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Forum > Beginner's Forum > Alterations of RTW and all the posibilities ( Moderated by EleanorSews)

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Alterations of RTW and all the posibilities
davidxy887
davidxy887
Member since 9/28/12
Posts: 23
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Date: 10/3/12 9:34 PM

Hello,

I'm new to sewing and I would like learn how to alter my clothes from shirts to jackets to jeans to everything and beyond.
I have some questions about alterations.

1. Can I make alterations on clothes that are a few sizes bigger? (I'm small, What if I buy a medium or a large?) or just clothes that are my size but don't fit properly?
I'm asking this question because I was thinking of pants if I reduce the size of them what happens to the pockets? If I slim the sleeves of a shirt what happens with the part that goes under the arm (armpit?). etc.

2. How much can I alter when it comes to men's clothes? (seams, sleeves, etc?????)

3. I found this book called "Altering Men's Ready To Wear" by Mary Roehr. Has anyone read it? Any Reviews?

4. Do you know any other resources like books, dvd's, classes, etc I could use?

Thank you so much for you input and help, I really need it.

David

SewSea76
SewSea76  Friend of PR
Advanced Beginner
Rhode Island USA
Member since 4/2/11
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In reply to davidxy887 <<
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Date: 10/3/12 9:59 PM

I do some minor alterations on my clothes and I am not an advanced sewer. I think it is a good way to see how clothes are constructed and learn from taking them apart a bit. My shape is a size bigger in my hips than my waist so I take in almost all my pants at the waist, even jeans, and it is not very hard. If they were huge on me and have pockets in the back, the pockets would get too close together so you have to be careful. Altering really big clothes to fit you would depend on the construction and if it would change other features too much to look weird.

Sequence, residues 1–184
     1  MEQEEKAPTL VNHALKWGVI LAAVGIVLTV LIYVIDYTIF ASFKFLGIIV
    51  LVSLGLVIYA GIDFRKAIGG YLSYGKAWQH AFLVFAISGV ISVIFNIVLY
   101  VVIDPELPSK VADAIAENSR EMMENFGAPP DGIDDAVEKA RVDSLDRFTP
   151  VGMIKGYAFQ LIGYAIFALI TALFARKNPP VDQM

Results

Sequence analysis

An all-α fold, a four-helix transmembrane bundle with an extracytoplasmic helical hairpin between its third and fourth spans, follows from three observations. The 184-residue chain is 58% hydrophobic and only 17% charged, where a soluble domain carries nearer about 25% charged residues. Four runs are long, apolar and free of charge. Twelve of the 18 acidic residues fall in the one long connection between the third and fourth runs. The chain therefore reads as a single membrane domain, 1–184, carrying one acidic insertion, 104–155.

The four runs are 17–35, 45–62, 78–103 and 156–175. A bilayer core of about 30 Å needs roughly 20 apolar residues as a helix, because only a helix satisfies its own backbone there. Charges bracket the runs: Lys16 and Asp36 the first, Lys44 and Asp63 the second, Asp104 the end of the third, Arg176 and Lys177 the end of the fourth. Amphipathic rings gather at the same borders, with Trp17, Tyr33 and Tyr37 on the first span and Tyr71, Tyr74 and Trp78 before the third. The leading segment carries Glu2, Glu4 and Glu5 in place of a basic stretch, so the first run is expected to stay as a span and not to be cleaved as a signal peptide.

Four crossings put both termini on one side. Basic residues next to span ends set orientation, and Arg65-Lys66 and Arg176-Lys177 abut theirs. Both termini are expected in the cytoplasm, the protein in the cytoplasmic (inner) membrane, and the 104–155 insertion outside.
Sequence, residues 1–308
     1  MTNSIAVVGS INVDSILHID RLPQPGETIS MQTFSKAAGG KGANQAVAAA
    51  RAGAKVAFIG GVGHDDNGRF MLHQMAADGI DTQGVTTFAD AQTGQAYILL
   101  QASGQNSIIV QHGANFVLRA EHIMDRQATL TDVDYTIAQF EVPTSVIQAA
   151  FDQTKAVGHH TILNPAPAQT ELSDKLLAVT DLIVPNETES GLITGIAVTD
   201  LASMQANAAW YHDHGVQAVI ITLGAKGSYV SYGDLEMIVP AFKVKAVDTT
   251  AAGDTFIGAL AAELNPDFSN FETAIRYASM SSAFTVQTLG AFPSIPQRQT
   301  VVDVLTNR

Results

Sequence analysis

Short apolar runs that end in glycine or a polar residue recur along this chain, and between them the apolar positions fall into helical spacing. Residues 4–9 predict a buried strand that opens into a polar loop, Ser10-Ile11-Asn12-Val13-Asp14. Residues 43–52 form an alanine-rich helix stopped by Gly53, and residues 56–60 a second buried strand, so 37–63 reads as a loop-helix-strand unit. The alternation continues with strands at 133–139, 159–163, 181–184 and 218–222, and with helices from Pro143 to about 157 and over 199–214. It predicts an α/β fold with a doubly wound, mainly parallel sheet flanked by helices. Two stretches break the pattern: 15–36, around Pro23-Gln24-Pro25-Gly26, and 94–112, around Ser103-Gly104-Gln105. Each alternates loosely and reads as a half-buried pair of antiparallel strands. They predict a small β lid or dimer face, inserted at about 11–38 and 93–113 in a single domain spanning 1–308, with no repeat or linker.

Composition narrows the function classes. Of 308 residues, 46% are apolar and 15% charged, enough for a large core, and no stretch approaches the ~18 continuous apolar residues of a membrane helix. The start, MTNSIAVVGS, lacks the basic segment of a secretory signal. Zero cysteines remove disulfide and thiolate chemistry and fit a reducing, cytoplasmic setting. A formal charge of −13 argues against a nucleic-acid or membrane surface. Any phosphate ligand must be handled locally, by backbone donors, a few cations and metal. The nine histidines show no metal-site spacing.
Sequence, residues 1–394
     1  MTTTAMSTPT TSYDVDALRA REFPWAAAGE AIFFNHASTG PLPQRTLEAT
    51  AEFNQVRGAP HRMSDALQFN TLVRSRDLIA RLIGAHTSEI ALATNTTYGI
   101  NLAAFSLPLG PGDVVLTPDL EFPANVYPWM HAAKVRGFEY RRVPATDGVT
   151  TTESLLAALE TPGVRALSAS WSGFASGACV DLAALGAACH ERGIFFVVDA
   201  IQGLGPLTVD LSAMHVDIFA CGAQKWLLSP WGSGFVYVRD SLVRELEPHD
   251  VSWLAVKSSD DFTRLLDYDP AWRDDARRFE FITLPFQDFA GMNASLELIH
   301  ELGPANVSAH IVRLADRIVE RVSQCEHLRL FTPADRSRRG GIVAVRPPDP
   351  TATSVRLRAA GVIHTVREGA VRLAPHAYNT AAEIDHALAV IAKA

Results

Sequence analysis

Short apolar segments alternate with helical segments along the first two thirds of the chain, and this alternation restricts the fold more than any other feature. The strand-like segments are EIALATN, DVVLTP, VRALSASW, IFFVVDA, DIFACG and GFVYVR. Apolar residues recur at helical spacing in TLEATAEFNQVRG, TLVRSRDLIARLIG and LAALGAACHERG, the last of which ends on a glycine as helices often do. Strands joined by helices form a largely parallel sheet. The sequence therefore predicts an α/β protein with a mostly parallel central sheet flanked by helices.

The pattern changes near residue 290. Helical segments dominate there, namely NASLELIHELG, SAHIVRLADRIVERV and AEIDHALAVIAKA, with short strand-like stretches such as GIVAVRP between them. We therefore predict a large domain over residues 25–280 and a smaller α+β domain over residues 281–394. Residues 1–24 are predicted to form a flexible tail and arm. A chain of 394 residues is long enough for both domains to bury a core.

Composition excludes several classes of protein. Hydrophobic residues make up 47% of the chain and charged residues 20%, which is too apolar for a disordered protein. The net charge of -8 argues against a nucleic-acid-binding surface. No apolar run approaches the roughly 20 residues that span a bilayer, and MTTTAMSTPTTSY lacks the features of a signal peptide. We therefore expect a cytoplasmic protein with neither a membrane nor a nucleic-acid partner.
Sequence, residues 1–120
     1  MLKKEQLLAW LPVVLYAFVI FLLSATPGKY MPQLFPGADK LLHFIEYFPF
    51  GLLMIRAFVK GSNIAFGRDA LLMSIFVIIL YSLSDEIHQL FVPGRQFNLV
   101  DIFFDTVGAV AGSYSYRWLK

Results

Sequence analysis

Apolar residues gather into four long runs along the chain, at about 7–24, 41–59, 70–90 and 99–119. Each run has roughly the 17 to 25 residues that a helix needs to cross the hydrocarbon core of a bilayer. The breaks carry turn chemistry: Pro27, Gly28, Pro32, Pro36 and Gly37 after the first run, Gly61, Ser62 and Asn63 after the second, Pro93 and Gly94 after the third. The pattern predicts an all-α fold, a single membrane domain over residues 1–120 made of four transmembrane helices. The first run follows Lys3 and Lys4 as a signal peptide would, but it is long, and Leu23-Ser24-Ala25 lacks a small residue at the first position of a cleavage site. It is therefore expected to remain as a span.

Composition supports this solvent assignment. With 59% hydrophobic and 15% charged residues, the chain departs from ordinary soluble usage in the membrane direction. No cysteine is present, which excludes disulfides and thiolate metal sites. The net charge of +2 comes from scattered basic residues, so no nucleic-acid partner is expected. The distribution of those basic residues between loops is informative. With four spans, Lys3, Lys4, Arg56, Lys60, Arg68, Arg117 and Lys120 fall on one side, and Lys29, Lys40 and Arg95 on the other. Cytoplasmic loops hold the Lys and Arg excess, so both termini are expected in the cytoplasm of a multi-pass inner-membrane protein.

When you are first taking apart the clothes to alter them, it seems scary because it looks like you are ruining something nice, but when you realize how much you can fix and how you can make it come out really good, it is not so scary anymore. I can really see which clothes are high quality when I am taking them apart and see the seam binding, construction, etc.

I go to the library and look at sewing books and I've been able to find quite a few. When I see one that I don't want to put back on the shelf, I'll consider buying it, but sometimes just borrowing one from the library will help me learn what I am looking for.

Good luck, I've found sewing addictive and fun and I hope you do too!

Susan

GlButterfly

GlButterfly
Intermediate
California USA
Member since 8/28/08
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In reply to SewSea76 <<
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Date: 10/3/12 10:22 PM

This has nothing to do with the topic so I apologize. I absoutely love the photo you use for your avatar. Now back to the discussion.

------
That's Gl = for Gloria, not G. I.

hazelnut
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hazelnut  Friend of PR
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Date: 10/3/12 11:08 PM